The 'throw in' at The Royal Shrovetide Football Game.
Are you the sort of person who likes to explore a new place and thoroughly immerse themselves in its local history and traditions? Would you enjoy rubbing shoulders with the locals and getting to know about a unique part of their town’s culture? If your answer is yes, then you will almost certainly relish a visit to the picturesque Derbyshire market town of Ashbourne during the time of its ancient, annual Royal Shrovetide Football game in February. (Warm coats, gloves and sturdy footwear are essential!)
Arrive in the morning of Shrove Tuesday or Ash Wednesday and indulge in some delicious cakes and coffee at one of the town’s many quaint cafes (you might wonder why all the shop windows have planks of wood nailed across them and why the roads are closed, but you are about to find out!) Enjoy a stroll through the park where the snowdrops are out and the crocuses are just beginning to open. Walk down St John Street and Church Street, past the beautiful Georgian buildings towards St Oswald’s church with its magnificent spire and enjoy the peace and tranquillity while you can!
Ashbourne Market Place, Derbyshire. Photograph copyright of Eamon Curry under the Creative Commons licence.
At around 1 o clock, you will notice the crowds of excited locals walking towards the town centre and gathering in Shaw Croft car park (empty of cars by now). As 2 o clock approaches, you feel the excitement mount to almost fever pitch as the crowd bellow out Auld Lang Syne and God Save the Queen. All eyes are focused now on the ‘plinth’, on which an honoured guest is holding aloft a large, beautifully painted ball. On the stroke of 2 o clock, the honoured guest throws (‘turns up’) the precious ball into the crowd where it is immediately lost from view. If you manage to set eyes on it again three or even four times during the day, you will be luckier than I usually am!
The ‘hug’ (a hardy and highly competitive group of local men who train all year round in order to be at the peak of fitness for ‘Shrovetide’) push and hustle each other in a rugby style scrum. The rest of the crowd enthusiastically add their assistance by pushing, shoving, and shouting lustily. The two teams are the Up’ards (those born north of the river Henmore) and the Down’ards (those born south of the river). The hug surges around the car park and along the boarded up streets of the town as players strive to break free and begin their long run towards the goals which are three miles apart. Usually the ball ends up in the fish pond before too long and the crowds jostle on the banks to see the intrepid swimmers strike out after it.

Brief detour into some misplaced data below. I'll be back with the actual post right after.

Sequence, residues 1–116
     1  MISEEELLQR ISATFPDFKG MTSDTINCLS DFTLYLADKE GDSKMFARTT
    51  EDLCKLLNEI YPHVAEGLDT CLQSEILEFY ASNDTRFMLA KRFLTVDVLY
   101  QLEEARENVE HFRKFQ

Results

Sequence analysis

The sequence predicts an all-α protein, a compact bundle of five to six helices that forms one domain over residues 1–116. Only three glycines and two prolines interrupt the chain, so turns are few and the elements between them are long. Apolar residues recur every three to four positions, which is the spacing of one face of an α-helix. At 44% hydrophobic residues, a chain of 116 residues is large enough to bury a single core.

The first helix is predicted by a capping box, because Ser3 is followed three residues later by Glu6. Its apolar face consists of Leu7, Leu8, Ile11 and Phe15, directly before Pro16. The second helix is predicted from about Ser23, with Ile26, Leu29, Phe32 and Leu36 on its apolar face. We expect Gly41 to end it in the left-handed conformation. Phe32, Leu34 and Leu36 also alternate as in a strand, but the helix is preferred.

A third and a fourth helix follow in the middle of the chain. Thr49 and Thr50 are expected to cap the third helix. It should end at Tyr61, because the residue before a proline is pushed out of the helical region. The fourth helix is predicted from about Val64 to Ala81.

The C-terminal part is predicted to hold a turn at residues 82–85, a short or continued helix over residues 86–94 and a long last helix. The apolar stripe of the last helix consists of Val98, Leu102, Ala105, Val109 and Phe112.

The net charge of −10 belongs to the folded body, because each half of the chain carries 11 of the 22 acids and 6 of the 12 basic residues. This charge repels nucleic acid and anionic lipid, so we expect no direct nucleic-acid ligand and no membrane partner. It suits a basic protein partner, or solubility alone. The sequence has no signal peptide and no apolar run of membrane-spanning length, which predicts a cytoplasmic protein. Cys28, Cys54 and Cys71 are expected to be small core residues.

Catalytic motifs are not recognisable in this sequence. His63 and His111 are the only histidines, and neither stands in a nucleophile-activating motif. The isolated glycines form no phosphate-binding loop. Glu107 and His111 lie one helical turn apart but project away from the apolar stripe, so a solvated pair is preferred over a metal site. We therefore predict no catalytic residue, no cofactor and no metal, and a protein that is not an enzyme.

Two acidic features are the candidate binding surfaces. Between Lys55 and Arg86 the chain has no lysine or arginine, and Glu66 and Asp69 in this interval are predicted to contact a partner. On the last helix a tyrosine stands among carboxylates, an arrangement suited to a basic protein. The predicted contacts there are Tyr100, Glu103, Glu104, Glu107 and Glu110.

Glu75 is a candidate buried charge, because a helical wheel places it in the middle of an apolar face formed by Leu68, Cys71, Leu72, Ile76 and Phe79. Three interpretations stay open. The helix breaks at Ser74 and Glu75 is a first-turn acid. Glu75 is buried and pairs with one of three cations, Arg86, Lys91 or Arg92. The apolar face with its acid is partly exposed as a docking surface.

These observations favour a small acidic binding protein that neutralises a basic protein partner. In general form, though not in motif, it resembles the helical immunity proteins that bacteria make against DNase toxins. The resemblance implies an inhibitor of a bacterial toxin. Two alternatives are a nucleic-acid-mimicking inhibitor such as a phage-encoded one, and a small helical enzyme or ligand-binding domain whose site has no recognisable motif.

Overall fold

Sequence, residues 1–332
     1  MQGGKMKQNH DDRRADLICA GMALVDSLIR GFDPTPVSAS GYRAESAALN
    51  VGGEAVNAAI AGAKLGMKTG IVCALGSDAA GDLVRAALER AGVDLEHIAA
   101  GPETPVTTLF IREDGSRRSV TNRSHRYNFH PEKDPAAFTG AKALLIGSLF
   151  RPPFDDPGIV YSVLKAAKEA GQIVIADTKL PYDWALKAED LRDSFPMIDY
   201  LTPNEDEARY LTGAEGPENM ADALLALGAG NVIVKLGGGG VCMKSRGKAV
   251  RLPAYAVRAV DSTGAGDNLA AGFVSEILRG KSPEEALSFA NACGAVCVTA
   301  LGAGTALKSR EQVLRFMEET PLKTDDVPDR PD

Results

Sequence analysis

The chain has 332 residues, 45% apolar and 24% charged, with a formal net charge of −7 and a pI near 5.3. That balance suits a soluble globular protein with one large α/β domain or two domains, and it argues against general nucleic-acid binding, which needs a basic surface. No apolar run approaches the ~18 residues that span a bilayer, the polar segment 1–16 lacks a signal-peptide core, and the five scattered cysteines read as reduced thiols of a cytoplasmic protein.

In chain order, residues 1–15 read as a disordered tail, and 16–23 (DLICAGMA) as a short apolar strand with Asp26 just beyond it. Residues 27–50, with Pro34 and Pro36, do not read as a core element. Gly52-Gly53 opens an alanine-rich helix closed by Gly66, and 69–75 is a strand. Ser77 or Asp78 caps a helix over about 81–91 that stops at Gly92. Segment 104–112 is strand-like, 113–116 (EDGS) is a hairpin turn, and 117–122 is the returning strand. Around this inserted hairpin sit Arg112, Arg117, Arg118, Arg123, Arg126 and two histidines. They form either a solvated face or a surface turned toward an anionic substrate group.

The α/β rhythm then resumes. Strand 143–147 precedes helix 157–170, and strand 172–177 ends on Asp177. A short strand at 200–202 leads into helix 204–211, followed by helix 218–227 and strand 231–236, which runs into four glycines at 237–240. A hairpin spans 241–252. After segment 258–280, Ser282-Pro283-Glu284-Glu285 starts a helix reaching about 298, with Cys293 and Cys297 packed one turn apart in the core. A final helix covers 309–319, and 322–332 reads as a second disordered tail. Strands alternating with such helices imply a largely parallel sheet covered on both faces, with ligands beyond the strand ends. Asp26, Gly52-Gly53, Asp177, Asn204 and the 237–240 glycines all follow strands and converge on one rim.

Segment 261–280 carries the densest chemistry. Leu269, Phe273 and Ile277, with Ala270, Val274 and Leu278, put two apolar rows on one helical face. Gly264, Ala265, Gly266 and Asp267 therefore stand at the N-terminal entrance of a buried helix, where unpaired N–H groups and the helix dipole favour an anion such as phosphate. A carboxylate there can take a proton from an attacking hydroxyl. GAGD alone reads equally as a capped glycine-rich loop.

Ashbourne during The Royal Shrovetide Football Game. Photograph copyright of Will De Freitas under the Creative Commons licence.
Stalwart spectators and of course the players themselves stay with the game until the ball is goaled, which could be as late as 10 o clock. But you would be forgiven for slipping away when your toes start to freeze and nipping into one of Ashbourne’s many pubs for a warming whiskey and perhaps a steak and ale pie. You will easily be able to find the hug again when you emerge from the pub warm and refreshed; just ask a passing local who will be in touch with the spectators who are still following the hug! If you have the stamina to walk the distance, you might even be lucky enough to see the ball being goaled (banged thrice upon the millstone goal post in the river.) I’m very impressed if you do: I’ve never stuck with it long enough or walked far enough to actually witness a goal!
At last, tired, cold and happy, you wend your way back to your luxury cottage and indulge yourself in a well earned soak….. (in your deliciously hot bath or hot tub I mean, not in a freezing cold river!) You have experienced a truly amazing ancient local tradition and, back at your cottage, you are in just the right place to recover in comfort!